Excerpted and edited from Washington Post TV critic Hank Stuever’s weekly online chat on all things TV. On the minds of readers this week: The end of “Mad Men,” Kalinda’s disappearance on “The Good Wife” and Stuever’s thoughts on the “Full House” reboot.
(Beware: there are spoilers below.)
“Mad Men”: So the firm is being killed. Will the last scene involve Don Draper given the responsibility to market “New Coke”?
Stuever: Well, I’ve always been rooting for a flash-forward — far enough so that Don is completely outdated and regarded as a sexist drunk with old ideas. And New York magazine once asked an actuary to predict Don’s life span, given his smoking, etc., and I believe they have him dying in 1985, which lines up nicely with the New Coke campaign, so …
Oh, what’s the use. Once again we are demonstrating that there are 1,000 better things to do with this show than what Matt Weiner ultimately did with it. At least Sunday’s episode involved some interesting plot developments, for a change. I hope things pick up. Only three weeks left.
“The Good Wife”: Is Kalinda gone for good, or will she reappear in the final two episodes of this season? I can’t believe the writers would let this character have such a disappointingly anti-climactic exit from the series.
Stuever: I too am surprised that they (literally) closed the door on Kalinda like that, but “complete disappearance” was one of my guesses for how they would deal with it. At least one of my colleagues seems totally down with the rumors that Archie Panjabi and Julianna Margulies can’t stand each other and that’s why they haven’t had any actual scenes together this season (it’s all phone calls, and, Sunday, a greeting card).
I don’t know if Kalinda will make any more reappearances before season’s end. Maybe she’ll return in viral form and take down Lockhart et al’s computer system, which is apparently easy to do. The real issue facing “Good Wife” at the moment is renewal. The industry watchers seem to agree that the show is in the clear for one more season, but we still haven’t heard that officially.
“Full House” reboot: Any thoughts on the “Full House” reunion/reboot? I was a casual viewer of the show, so not really invested, but would be interested if the original cast were in it. I understand some of them are.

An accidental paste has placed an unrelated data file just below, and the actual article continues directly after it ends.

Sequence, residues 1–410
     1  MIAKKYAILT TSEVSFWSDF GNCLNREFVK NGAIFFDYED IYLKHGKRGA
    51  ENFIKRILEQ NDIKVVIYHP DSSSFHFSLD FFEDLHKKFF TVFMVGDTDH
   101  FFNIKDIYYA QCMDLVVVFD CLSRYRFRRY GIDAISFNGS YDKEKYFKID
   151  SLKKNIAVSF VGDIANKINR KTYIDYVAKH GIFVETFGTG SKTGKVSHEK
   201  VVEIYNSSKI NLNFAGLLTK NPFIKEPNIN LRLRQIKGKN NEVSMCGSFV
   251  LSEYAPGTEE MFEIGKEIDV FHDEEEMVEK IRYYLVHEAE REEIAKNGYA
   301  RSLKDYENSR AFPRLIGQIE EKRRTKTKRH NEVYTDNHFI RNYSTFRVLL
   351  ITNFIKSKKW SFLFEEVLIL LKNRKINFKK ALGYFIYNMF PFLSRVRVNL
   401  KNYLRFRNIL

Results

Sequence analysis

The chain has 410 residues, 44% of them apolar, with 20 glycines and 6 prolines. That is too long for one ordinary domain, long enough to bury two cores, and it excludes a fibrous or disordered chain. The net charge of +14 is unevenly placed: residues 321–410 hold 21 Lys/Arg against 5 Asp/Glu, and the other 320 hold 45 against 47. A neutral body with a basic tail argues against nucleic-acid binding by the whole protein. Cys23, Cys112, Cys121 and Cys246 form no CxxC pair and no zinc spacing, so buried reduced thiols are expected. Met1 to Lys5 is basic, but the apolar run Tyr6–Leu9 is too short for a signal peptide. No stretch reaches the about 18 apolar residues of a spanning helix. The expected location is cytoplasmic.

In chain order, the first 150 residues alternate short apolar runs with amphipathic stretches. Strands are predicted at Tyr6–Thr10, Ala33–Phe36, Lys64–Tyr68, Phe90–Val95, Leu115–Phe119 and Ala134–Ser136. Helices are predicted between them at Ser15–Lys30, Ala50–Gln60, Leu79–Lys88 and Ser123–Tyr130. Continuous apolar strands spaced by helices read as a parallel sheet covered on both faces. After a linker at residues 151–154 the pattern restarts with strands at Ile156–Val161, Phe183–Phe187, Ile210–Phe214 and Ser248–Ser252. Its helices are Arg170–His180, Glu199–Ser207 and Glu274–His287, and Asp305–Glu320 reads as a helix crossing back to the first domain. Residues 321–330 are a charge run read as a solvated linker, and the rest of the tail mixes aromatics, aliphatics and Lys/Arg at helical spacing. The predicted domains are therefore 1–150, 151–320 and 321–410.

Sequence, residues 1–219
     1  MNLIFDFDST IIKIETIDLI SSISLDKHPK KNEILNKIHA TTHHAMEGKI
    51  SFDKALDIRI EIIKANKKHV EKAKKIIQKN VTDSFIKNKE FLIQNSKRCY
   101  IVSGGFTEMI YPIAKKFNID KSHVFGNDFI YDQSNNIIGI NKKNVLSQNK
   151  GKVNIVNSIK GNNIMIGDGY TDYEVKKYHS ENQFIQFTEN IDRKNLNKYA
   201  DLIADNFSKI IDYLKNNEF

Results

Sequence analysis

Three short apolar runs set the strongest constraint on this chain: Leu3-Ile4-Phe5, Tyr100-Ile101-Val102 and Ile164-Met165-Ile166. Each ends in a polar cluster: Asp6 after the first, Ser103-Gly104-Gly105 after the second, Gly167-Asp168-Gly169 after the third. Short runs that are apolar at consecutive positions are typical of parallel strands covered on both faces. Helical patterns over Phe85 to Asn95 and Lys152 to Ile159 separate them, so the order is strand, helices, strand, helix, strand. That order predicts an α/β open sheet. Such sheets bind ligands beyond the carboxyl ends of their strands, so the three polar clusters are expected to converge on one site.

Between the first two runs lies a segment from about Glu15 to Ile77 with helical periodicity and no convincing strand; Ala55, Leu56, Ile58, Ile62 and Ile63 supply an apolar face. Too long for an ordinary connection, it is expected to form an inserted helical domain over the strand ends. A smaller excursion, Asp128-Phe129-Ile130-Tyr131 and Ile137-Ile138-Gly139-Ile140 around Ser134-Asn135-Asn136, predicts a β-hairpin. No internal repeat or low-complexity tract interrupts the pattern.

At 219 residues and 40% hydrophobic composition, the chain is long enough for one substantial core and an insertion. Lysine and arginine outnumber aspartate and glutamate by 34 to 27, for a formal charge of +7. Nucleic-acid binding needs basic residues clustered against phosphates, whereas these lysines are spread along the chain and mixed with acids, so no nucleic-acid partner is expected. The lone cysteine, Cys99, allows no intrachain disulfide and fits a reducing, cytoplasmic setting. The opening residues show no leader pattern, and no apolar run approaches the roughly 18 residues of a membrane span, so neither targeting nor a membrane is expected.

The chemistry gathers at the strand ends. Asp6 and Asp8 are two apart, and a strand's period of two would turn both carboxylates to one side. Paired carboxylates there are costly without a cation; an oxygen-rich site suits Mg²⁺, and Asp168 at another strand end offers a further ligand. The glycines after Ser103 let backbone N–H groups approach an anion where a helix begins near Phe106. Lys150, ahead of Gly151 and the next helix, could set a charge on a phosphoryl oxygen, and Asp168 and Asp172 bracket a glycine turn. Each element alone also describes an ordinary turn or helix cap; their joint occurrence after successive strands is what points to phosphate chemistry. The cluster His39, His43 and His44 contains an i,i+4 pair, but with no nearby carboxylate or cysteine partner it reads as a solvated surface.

Stuever: I’m about five years too old (at least) to feel the pangs of excitement, but I would never stand in the way of anybody’s hysterical approval of this news. “Full House” started when I was a college sophomore. It was on Friday nights and weirdly on in the background while we were getting ready to go out and get hammered. It seemed like the dumbest thing, but there were so many harmlessly dumb things on TV back then, from “ALF” on down. I remember thinking li’l Jodie Sweetin was a comic genius, but I might have been under the influence of something. As toddlers, the Olsen twins always struck me as developmentally delayed, but I was comparing them to my nephews and my niece who were all, of course, baby geniuses.
Anyhoo, I’ve got no dog in that hunt. If it pleases the millennials, then past experience tells us it Cannot Be Stopped. So now we just wait and see if it’s any good.
“A.D.”: I saw one guy note the ratings dropped after Jesus left. Does it have any chance of making it to the Book of Revelation? If they were really desperate, they could follow the Book of Mormon and show Jesus make a side trip to North America.
Stuever: I would LOVE it if they would do the kooky Mormon sequel. Ages ago, I was in Salt Lake City and went to the Welcome Center or whatever and saw a rather big-budget movie about Jesus in America with the native tribes and it was kind of mind-blowing. (I mean, I wasn’t ready to convert and change my underwear or anything, but … wow.)
I doubt “A.D.” will get through all the epistles and to Revelation. For that kind of nonsense, we have terrible shows already like “The Messengers,” “Constantine,” etc.The angels battling it out for our souls and … yawwwwwn.
McDreamy: Did you know (about his sudden death on “Grey’s Anatomy”) in advance? Guess it pays to stay on Shonda’s good side.
Stuever: I didn’t know in advance, but didn’t we all kinda know? Hadn’t Patrick Dempsey been bemoaning his sorry state of imprisonment on that show before? Isn’t he much more into racing cars?
Letterman: How do you cover his last show? He seems determined to keep it cool and light. … Kinda interesting that CBS did not consult him about his successor, though he seems OK with Colbert.
Stuever: I expect it to be wonderful and warm and then totally over, thanks mainly to the year-plus since his announcement that he was retiring. We’re ready. We’ll miss him — I think we know how much we’ll miss him, but I think we’ll wind up missing him even more than that.